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WILLMAR — Rice Memorial Hospital was one of five hospitals nationwide awarded the Healthcare Financial Management Association's MAP Certificate of Recognition in Revenue Cycle Achievement. This national award recognizes organizations that have demonstrated positive financial performance across key performance metrics in patient access, pre-billing, claims, account resolution, and financial management.
WILLMAR—A divided Kandiyohi County Board voted 3-2 last week in favor of purchasing additional land to enlarge Games Lake County Park. The expansion will create new opportunities for developing amenities at one of the most popular parks in the county park system. Neighbors are worried it will lead to more pressure on the lake and surrounding environment, however, a concern that prompted "no" votes from two County Commissioners, Steve Ahmann and Rollie Nissen.
WILLMAR — Kandiyohi County will ask for $3.9 million in state bond funds this coming year for the construction of an overpass at the south end of the Willmar wye railroad bypass. A resolution formalizing the request was adopted this week by the County Board of Commissioners. It ensures Kandiyohi County will at least get on the preliminary list of capital budget requests. Adopting the resolution now, by midsummer, also increases the likelihood of the project's inclusion when legislators have their bonding tour later this summer.
WILLMAR — A delegation of nurses appeared Wednesday before the Rice Memorial Hospital Board, urging board members to keep patient care foremost as negotiations progress on a new joint venture among Rice, Affiliated Community Medical Centers and CentraCare. They also issued a plea for the nursing staff to be included at the table during the discussion. "We urge you to do the right thing — respect our contract and our profession," said Michele McCleary, a registered nurse in the hospital's dialysis unit.
WILLMAR—Volunteer driver programs, a lifeline for rural residents who rely on volunteers to get them to non-emergency medical appointments out of town, may be facing an uncertain future. Transit systems were notified in April that volunteers providing non-emergency medical transportation can no longer exclude all of their mileage reimbursement from their income, a move that could force many of them to quit because of the tax consequences.
WILLMAR—The fallout from the city of Willmar's failure to properly assess vacant platted lots has percolated its way up to the county level. Two Willmar residential developers took their case to Kandiyohi County this week, claiming their bare platted lots have been assessed for more than they're worth. Ron Christianson and Warren Erickson made their appeal Monday to the county Board of Equalization. "Land has not increased that much in value, folks, not in Willmar," Christianson told the board.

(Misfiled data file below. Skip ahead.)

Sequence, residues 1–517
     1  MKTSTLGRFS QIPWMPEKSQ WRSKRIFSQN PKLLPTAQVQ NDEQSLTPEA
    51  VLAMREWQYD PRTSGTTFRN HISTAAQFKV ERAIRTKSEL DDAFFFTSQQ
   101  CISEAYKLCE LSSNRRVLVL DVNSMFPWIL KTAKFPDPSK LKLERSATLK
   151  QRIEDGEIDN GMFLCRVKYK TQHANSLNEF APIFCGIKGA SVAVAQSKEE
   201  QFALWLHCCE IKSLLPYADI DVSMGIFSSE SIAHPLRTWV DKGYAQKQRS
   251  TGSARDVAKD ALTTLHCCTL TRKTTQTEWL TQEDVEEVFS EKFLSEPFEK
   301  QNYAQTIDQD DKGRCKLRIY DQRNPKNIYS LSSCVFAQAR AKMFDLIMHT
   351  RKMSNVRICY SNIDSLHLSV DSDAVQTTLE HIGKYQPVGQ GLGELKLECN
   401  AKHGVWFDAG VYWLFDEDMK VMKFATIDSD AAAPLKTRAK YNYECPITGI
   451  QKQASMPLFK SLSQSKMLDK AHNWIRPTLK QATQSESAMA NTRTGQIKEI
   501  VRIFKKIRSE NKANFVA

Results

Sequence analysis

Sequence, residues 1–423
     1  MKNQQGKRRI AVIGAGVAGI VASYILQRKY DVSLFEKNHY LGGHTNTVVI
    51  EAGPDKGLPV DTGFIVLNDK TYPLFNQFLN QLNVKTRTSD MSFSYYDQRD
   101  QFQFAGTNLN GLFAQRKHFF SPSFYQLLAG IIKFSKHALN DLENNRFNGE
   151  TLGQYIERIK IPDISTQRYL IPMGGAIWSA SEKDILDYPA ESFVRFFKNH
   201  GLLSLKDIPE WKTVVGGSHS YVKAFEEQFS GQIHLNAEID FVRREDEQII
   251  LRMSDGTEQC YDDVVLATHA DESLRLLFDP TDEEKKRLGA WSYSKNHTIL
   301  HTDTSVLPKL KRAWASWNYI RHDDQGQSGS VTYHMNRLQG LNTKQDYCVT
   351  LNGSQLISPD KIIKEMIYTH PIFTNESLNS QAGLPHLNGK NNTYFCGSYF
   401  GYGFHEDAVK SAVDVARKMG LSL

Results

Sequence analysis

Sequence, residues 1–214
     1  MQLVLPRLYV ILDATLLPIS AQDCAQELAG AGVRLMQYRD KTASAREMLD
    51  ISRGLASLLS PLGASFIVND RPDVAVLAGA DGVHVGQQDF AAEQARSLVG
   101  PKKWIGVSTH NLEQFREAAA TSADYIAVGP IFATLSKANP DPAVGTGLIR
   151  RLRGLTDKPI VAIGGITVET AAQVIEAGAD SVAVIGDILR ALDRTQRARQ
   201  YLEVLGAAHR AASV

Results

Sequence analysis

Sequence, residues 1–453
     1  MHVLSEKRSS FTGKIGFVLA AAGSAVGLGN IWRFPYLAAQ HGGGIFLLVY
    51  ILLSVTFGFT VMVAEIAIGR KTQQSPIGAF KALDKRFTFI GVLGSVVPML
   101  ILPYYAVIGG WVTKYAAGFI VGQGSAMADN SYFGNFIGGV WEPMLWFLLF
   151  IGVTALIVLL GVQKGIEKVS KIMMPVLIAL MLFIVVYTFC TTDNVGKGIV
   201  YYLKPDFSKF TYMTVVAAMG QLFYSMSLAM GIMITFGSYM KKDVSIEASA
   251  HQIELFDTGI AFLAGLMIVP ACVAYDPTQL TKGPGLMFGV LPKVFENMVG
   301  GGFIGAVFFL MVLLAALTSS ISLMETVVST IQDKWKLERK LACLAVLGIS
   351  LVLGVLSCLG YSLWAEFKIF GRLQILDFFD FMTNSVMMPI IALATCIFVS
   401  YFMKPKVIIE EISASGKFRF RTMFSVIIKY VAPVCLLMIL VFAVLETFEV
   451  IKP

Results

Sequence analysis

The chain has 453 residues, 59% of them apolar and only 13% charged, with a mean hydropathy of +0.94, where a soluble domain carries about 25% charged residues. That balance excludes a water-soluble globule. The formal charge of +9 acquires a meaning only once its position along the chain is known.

WILLMAR—A Kandiyohi County jury found Dennis Michael Jacobson guilty Wednesday on three charges stemming from a firearms incident last summer at a popular Spicer nightspot. Jacobson, 39, of Lake Lillian was acquitted on two other charges following a two-day trial. He faced eight counts altogether but three of them were dismissed before the trial began. Sentencing is scheduled for Aug. 2.
REDWOOD FALLS -- A covert operation targeting the demand for underage sex trafficking led to the arrest of three area men last week in Redwood County.
WILLMAR — Amid the turn-of-the-century trappings of the historic Sperry House, guests sipped tea Friday afternoon and nibbled on dainty sandwiches and cakes. Volunteers moved from table to table, pouring tea from china teapots and handing around platters of carefully arranged delicacies. "It's almost too pretty to eat," declared Shannon Eckhoff as she prepared to taste the assortment of sandwiches on her plate.
WILLMAR — With a deadline looming this month, Kandiyohi County must decide soon whether to take on the enforcement responsibilities for the state's new buffer strip law. A vote is expected at the June 20 meeting of the County Board of Commissioners. That gives the commissioners two more weeks to study the issue and collect public input before settling on the position they want to take, said Larry Kleindl, county administrator. "This will be a big decision whether we take on that enforcement or not," he said.